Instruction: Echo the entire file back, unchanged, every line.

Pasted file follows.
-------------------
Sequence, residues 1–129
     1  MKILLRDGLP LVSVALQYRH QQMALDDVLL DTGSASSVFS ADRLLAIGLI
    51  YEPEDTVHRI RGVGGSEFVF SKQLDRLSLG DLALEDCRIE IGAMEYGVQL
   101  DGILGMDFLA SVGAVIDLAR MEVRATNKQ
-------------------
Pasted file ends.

Sequence, residues 1–129
     1  MKILLRDGLP LVSVALQYRH QQMALDDVLL DTGSASSVFS ADRLLAIGLI
    51  YEPEDTVHRI RGVGGSEFVF SKQLDRLSLG DLALEDCRIE IGAMEYGVQL
   101  DGILGMDFLA SVGAVIDLAR MEVRATNKQ